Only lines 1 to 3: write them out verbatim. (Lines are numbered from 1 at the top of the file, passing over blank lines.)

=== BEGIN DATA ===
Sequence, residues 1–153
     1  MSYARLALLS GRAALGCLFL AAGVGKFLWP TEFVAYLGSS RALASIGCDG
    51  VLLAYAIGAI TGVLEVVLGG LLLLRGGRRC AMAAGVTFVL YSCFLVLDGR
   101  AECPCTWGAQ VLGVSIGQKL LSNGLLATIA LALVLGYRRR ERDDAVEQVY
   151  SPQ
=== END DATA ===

Sequence, residues 1–153
     1  MSYARLALLS GRAALGCLFL AAGVGKFLWP TEFVAYLGSS RALASIGCDG
    51  VLLAYAIGAI TGVLEVVLGG LLLLRGGRRC AMAAGVTFVL YSCFLVLDGR